Big Brother -- or Big Daddy?

Someone should remind the people now exploiting Janet Jackson's boob -- Washington politicians -- that most TV programming is democratically elected.

Published February 12, 2004 5:27PM (EST)

Most of us start our life sucking one, but at some point, at least according to the FCC and the House Telecommunications Committee, the very sight of a breast is enough to poison our minds and cause untold damage. That's the message of the hearings Wednesday during which Viacom president Mel Karmazin and NFL commissioner Paul Tagliabue were grilled over the appearance of Janet Jackson's boob during the Super Bowl halftime show.

The hearings were a predictable mixture of contrition (on the part of Karmazin and Tagliabue) and election-year posturing on the part of FCC chairman Michael "I Never Met a Media Conglomerate I Didn't Like" Powell and the congressmen involved. Nobody was as ready for her close-up as Rep. Heather Wilson, R-N.M., her voice quaking with outrage as she said, "You knew what you were doing. You wanted us all to be abuzz. It improves your ratings. It improves your market share, and it lines your pockets." (If Wilson is going to pontificate on what's aesthetically offensive, then someone should tell her that green plaid suits look terrible on everybody but OutKast.)

No one, though, has yet commented on the contradiction inherent in Wilson's statement. If this kind of entertainment improves ratings, market share and profits, then it suggests that the people who want it dwarf the 200,000 who lodged complaints about it. If it's the government's job to listen to the voice of the people, then we have to acknowledge that the number of people who buy, download or listen to Justin Timberlake, Janet Jackson, Nelly, P. Diddy and Kid Rock far exceed those who'd prefer the halftime show go back to Carol Channing and marching bands.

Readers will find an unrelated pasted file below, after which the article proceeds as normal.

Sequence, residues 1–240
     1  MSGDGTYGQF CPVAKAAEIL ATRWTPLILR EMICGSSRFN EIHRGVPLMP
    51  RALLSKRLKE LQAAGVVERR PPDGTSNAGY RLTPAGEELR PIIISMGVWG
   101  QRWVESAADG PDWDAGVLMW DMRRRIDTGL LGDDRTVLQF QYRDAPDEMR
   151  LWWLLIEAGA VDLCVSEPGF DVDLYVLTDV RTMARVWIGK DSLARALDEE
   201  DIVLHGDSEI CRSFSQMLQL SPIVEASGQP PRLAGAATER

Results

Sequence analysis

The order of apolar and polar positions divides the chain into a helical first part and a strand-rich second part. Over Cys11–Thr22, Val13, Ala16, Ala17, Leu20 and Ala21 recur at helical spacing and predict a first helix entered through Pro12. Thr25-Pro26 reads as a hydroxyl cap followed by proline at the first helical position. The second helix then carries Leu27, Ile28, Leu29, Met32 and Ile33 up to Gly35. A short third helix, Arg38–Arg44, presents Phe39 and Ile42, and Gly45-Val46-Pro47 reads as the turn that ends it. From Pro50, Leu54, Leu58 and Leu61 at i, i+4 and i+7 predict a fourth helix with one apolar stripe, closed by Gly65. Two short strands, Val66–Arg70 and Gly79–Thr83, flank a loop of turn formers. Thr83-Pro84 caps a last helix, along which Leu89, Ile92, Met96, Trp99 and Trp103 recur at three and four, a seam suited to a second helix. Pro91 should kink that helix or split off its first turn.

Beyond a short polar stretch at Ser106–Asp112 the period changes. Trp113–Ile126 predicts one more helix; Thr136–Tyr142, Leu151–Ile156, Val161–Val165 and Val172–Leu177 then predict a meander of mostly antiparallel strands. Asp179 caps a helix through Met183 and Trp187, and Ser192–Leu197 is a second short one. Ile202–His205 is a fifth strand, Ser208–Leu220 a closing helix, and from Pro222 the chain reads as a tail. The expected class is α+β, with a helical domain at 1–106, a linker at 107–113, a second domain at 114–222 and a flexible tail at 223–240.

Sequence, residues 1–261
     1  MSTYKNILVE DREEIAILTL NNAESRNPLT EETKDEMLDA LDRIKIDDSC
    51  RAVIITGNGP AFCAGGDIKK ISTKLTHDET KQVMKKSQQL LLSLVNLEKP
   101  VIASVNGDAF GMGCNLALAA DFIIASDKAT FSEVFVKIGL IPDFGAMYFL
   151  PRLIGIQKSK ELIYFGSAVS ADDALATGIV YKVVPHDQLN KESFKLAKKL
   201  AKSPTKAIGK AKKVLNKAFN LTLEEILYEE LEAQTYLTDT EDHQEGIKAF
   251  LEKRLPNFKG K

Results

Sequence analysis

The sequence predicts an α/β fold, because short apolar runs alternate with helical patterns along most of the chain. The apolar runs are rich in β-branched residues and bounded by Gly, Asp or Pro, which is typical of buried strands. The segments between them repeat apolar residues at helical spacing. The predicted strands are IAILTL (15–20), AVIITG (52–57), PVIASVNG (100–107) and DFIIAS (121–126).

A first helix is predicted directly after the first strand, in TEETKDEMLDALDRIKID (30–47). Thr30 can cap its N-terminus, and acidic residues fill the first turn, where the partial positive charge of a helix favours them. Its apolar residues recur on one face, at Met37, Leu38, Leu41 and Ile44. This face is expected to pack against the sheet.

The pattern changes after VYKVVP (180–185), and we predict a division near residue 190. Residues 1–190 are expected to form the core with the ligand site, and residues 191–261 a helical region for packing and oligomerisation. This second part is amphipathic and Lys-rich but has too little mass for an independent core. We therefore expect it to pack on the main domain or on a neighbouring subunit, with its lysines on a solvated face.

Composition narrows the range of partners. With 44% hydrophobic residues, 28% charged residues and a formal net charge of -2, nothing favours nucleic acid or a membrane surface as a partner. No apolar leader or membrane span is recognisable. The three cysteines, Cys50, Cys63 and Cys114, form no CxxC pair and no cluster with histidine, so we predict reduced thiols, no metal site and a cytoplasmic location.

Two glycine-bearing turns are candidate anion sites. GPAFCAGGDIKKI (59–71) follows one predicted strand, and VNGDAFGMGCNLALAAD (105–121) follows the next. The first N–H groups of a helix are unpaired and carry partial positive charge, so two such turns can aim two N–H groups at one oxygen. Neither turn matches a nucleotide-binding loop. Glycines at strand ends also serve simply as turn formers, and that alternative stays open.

While the rage over Tittygate has, like the rage over many other social issues, been driven by an extremely vocal minority, it would be dishonest to imply that the allies of those people exist solely in the Bush administration and on the Republican side of the congressional aisle. Rep. Edward Markey, a Massachusetts Democrat who has done as much to bring the specter of government censorship over media as anyone (he's the man who wanted to mandate the V chip), spoke up for increasing the fines against broadcasters who violate FCC rules. "It is increasingly clear the paltry fines the FCC assess have become nothing more than a joke," Markey said yesterday. And he got a witness from the exquisitely named John D. Dingell, D-Mich., who said that even increasing the fines tenfold, as some have proposed, represent a paltry amount to the bottom line of a company like Viacom.

All of this would be laughable if it weren't so scary. One of the most persistent refrains in Wednesday's hearings was the threat to regulate the content of cable networks as well as their broadcast counterparts. What that means is that the government is now proposing to control the content of channels that private citizens choose to come into their homes. (The only sensible talk seemed to come from Sen. John McCain, R-Ariz., who proposed that cable companies allow consumers to pick exactly which channels they want to receive instead of getting the basic package that most cable companies offer. In other words, if you don't want to watch something, don't.)

Meanwhile, the offended continue to bleat about being "forced" to watch indecent programming, as if their television sets somehow came without off buttons, or as if MTV veejays were breaking into their homes and forcing them at gunpoint to watch TRL. Sure, it makes for easy pandering during an election year. But it's time we stopped coddling those people, time they were made to understand that citizenship means the responsibility of making their own choices instead of trying to get government to make the choices for them. It's not Big Brother they want -- it's Big Daddy.

By Charles Taylor

Charles Taylor is a columnist for the Newark Star-Ledger.

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